Decarbonylative Cross-Couplings: Nickel Catalyzed Functional Group Interconversion Strategies for the Construction of Complex Organic Molecules
KAUST DepartmentChemical Science Program
KAUST Catalysis Center (KCC)
Physical Science and Engineering (PSE) Division
KAUST Grant NumberURF/1/3030-01
Online Publication Date2018-04-13
Print Publication Date2018-05-15
Permanent link to this recordhttp://hdl.handle.net/10754/627474
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AbstractThe utilization of carboxylic acid esters as electrophiles in metal-catalyzed cross-coupling reactions is increasingly popular, as environmentally friendly and readily available ester derivatives can be powerful alternatives to the commonly used organohalides. However, key challenges associated with the use of these chemicals remain to be addressed, including the stability of ester substrates and the high energy barrier associated with their oxidative addition to low-valent metal species. Due to recent developments in nickel catalysis that make it easier to perform oxidative additions, chemists have become interested in applying less reactive electrophiles as coupling counterparts in nickel-catalyzed transformations. Hence, our group and others have independently investigated various ester group substitutions and functionalizations enabled by nickel catalysis. Such methods are of great interest as they enable the exchange of ester groups, which can be used as directing groups in metal-catalyzed C-H functionalizations prior to their replacement. Here, we summarize our recent efforts toward the development of nickel-catalyzed decarbonylative cross-coupling reactions of carboxylic esters. Achievements accomplished by other groups in this area are also included. To this day, a number of new transformations have been successfully developed, including decarbonylative arylations, alkylations, cyanations, silylations, borylations, aminations, thioetherifications, stannylations, and hydrogenolysis reactions. These transformations proceed via a nickel-catalyzed decarbonylative pathway and have shown a high degree of reactivity and chemoselectivity, as well as several other unique advantages in terms of substrate availability, due to the use of esters as coupling partners. Although the mechanisms of these reactions have not yet been fully understood, chemists have already provided some important insights. For example, Yamamoto explored the stoichiometric nickel-mediated decarbonylation process of esters and proposed a reaction mechanism involving a C(acyl)-O bond cleavage and a CO extrusion. Key nickel intermediates were isolated and characterized by Shi and co-workers, supporting the assumption of a nickel/ N-heterocyclic carbene-promoted C(acyl)-O bond activation and functionalization. Our combined experimental and computational study of a ligand-controlled chemoselective nickel-catalyzed cross-coupling of aromatic esters with alkylboron reagents provided further insight into the reaction mechanism. We demonstrated that nickel complexes with bidentate ligands favor the C(aryl)-C bond cleavage in the oxidative addition step, resulting in decarbonylative alkylations, while nickel complexes with monodentate phosphorus ligands promote the activation of the C(acyl)-O bond, leading to the production of ketone products. Although more detailed mechanistic investigations need to be undertaken, the successful development of decarbonylative cross-coupling reactions can serve as a solid foundation for future studies. We believe that this type of decarbonylative cross-coupling reactions will be of significant value, in particularly in combination with the retrosynthetic analysis and synthesis of natural products and biologically active molecules. Thus, the presented ester substitution methods will pave the way for successful applications in the construction of complex frameworks by late-stage modification and functionalization of carboxylic acid derivatives.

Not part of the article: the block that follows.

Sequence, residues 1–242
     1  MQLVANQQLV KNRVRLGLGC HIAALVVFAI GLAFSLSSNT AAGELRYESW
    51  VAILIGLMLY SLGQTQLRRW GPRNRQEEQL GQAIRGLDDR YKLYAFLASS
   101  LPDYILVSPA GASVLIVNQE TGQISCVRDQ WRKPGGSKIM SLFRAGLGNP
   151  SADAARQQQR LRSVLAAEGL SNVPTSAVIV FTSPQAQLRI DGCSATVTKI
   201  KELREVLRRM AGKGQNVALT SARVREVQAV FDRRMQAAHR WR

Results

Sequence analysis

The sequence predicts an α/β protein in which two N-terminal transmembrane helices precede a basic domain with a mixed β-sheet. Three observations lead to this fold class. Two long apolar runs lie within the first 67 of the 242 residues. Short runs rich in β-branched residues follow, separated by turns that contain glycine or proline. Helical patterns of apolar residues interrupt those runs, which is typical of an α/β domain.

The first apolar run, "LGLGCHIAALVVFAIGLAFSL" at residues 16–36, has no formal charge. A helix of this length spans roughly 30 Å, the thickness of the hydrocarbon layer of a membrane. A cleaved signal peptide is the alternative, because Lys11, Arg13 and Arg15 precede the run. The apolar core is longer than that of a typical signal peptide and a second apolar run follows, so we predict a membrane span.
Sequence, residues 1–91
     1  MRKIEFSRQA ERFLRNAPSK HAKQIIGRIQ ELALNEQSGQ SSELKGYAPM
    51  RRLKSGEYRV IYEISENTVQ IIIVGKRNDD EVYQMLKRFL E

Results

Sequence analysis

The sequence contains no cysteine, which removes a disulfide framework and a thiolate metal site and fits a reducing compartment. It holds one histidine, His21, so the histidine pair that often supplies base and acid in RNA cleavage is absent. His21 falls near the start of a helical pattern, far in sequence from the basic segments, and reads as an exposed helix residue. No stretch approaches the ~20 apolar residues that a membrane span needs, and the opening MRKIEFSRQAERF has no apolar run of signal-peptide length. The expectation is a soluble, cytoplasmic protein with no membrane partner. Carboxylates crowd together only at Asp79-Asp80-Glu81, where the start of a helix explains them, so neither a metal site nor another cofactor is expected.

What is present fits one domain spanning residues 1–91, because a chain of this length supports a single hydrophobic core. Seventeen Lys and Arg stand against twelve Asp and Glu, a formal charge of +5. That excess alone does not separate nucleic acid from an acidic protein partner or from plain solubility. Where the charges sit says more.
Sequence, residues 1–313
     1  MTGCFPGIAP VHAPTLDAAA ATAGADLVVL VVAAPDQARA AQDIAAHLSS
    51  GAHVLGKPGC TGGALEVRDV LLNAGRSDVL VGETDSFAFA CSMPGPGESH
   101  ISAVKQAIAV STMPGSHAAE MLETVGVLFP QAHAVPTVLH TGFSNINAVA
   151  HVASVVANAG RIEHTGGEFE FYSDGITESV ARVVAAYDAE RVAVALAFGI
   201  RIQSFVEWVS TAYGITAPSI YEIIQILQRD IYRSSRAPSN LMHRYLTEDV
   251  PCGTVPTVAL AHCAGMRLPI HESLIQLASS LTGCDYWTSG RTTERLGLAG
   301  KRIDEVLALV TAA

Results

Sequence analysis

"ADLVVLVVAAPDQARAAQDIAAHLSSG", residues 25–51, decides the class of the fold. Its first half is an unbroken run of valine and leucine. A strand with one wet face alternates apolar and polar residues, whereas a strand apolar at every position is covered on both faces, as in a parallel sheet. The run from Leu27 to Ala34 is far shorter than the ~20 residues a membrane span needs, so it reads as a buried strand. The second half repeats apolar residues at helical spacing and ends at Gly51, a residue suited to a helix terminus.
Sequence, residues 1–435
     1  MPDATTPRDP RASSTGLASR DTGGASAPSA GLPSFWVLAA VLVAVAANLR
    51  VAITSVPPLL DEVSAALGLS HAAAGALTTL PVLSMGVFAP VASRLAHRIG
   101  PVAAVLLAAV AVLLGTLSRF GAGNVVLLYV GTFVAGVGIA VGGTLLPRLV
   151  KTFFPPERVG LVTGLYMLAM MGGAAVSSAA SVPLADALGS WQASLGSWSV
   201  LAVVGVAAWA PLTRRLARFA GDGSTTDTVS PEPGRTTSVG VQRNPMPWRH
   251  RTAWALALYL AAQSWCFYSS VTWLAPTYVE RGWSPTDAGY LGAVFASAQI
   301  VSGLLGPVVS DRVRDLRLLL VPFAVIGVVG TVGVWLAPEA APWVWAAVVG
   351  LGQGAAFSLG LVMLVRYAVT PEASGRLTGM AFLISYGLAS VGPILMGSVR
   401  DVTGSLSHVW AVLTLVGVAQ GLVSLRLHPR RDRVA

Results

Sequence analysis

CitationGuo L, Rueping M (2018) Decarbonylative Cross-Couplings: Nickel Catalyzed Functional Group Interconversion Strategies for the Construction of Complex Organic Molecules. Accounts of Chemical Research. Available: http://dx.doi.org/10.1021/acs.accounts.8b00023.
SponsorsL. Guo was supported by the China Scholarship Council. This research was supported by King Abdullah University of Science and Technology (KAUST) Office of Sponsored Research under award number URF/1/3030-01.
PublisherAmerican Chemical Society (ACS)
JournalAccounts of Chemical Research